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Achaemenid empire at its greatest extent
Zagros Mountains

Mesopotamia (मेसोपोटामिया) is a name for the area of the TigrisEuphrates river system, corresponding to modern-day Iraq, the northeastern section of Syria and to a much lesser extent southeastern Turkey, smaller parts of southwestern Iran and Kuwait.


Origin of name

The regional toponym Mesopotamia comes from the ancient Greek root words μέσος (meso) "middle" and ποταμός (potamia) "river" and literally means "(Land) between rivers".


Widely considered to be the cradle of civilization in the West, Bronze Age Mesopotamia included Sumer and the Akkadian, Babylonian, and Assyrian empires, all native to the territory of modern-day Iraq. In the Iron Age, it was controlled by the Neo-Assyrian and Neo-Babylonian empires. The indigenous Sumerians and Akkadians (including Assyrians and Babylonians) dominated Mesopotamia from the beginning of written history (c. 3100 BC) to the fall of Babylon in 539 BC, when it was conquered by the Achaemenid Empire. It fell to Alexander the Great in 332 BC, and after his death, it became part of the Greek Seleucid Empire.

Around 150 BC, Mesopotamia was under the control of the Parthians. Mesopotamia became a battleground between the Romans and Parthians, with parts of Mesopotamia coming under ephemeral Roman control. In AD 226, it fell to the Sassanid Persians and remained under Persian rule until the 7th-century Arab Islamic conquest of the Sassanid Empire. A number of primarily neo Assyrian and Christian native Mesopotamian states existed between the 1st century BC and 3rd century AD, including Adiabene, Osroene, and Hatra.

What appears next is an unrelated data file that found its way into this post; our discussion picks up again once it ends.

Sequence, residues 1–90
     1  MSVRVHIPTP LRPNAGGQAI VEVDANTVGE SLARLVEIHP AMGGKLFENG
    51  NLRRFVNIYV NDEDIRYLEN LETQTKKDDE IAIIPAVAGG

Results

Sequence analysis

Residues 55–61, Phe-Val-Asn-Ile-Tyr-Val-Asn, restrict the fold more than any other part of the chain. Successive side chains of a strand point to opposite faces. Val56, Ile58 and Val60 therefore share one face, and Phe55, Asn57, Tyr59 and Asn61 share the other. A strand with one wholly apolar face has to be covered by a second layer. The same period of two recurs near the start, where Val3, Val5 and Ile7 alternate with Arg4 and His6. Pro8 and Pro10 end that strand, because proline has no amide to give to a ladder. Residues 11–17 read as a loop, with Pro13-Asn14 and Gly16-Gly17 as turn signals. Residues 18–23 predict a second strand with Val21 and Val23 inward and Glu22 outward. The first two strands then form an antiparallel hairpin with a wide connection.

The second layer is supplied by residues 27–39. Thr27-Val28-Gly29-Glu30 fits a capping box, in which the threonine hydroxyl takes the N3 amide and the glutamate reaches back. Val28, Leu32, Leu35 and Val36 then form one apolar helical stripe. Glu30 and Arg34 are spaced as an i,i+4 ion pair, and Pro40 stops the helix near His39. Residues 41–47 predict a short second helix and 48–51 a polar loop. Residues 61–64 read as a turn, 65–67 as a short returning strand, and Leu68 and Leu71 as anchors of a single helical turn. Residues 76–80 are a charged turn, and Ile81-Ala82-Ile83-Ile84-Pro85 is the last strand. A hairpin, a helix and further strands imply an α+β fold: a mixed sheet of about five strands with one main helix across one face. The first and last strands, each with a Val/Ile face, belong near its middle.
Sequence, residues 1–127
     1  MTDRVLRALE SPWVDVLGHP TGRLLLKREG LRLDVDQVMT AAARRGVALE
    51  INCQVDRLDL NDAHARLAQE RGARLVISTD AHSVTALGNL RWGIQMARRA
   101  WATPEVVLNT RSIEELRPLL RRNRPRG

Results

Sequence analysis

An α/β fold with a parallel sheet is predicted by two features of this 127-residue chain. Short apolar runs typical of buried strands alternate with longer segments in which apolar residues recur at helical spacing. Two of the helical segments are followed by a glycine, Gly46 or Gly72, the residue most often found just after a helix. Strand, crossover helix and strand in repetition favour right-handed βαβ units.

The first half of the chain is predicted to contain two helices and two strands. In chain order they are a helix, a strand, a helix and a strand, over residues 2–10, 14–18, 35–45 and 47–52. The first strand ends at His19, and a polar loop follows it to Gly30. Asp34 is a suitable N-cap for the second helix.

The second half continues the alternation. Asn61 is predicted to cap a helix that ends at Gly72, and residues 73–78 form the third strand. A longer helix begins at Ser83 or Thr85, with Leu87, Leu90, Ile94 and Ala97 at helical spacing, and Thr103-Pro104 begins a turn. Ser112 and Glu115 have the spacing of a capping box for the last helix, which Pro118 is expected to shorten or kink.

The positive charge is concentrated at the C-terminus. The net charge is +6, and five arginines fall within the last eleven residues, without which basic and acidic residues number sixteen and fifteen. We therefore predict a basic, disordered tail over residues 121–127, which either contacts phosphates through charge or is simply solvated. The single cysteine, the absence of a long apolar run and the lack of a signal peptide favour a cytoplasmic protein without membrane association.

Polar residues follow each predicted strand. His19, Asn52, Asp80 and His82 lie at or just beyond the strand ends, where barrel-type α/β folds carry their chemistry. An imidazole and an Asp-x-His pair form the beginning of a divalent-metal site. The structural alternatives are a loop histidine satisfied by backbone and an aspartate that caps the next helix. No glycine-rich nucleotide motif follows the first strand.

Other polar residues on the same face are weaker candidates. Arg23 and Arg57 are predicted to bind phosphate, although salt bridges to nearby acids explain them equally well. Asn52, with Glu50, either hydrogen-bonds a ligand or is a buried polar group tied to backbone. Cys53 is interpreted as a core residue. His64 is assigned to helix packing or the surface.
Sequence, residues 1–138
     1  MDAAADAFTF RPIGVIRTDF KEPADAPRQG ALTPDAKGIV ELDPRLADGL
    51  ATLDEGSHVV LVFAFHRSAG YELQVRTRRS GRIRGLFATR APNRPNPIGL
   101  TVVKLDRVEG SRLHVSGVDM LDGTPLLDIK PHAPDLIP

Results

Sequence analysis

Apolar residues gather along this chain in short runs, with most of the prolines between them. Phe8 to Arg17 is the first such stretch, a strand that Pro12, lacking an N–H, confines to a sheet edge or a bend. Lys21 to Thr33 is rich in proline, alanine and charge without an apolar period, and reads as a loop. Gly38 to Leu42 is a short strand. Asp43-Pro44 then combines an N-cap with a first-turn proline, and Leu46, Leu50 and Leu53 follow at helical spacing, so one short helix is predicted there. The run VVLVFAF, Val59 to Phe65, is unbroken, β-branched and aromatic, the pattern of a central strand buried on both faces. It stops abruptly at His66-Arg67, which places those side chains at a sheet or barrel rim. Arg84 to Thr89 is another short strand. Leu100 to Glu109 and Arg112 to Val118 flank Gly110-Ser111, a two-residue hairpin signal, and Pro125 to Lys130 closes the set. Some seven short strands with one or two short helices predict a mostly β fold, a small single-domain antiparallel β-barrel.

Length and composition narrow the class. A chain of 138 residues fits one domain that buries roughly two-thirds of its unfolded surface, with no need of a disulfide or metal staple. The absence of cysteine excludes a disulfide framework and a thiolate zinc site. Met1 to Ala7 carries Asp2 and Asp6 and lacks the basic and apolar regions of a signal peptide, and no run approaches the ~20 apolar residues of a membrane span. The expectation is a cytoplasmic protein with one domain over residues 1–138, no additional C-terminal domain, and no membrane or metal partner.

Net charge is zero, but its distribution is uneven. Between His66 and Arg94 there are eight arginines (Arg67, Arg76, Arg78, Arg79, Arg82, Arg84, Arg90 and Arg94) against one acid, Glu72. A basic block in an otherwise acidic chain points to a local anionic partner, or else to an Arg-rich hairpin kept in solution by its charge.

The pre-history of the Ancient Near East begins in the Lower Paleolithic period, but writing began with a pictographic script in the Uruk IV period (ca. 4th millennium BC), and the documented record of actual historical events — and the ancient history of lower Mesopotamia — commence in the mid-third millennium BC with cuneiform records of early dynastic kings, and ends with either the arrival of the Achaemenid Empire in the late 6th century BC, or with the Arab Islamic conquest of Mesopotamia and the establishment of the Caliphate in the late 7th century AD, from which point the region came to be known as Iraq. During this period Mesopotamia housed some of the world's most ancient highly developed and socially complex states. The region was one of the four riverine civilizations where writing was invented, along with the Nile valley in Egypt, the Indus Valley in the Indian subcontinent, and Yellow River valley in China. Mesopotamia housed historically important cities such as Uruk, Nippur, Nineveh, Assur and Babylon, as well as major territorial states such as the city of Eridu, the Akkadian kingdom, the Third Dynasty of Ur, and the various Assyrian empires. Some of the important historical Mesopotamian leaders were Ur-Nammu (king of Ur), Sargon (who established the Akkadian Empire), Hammurabi (who established the Old Babylonian state), Ashur-uballit II and Tiglath-Pileser I (who established the Assyrian Empires).

Geography of Mesopotamia

Map showing the extent of Mesopotamia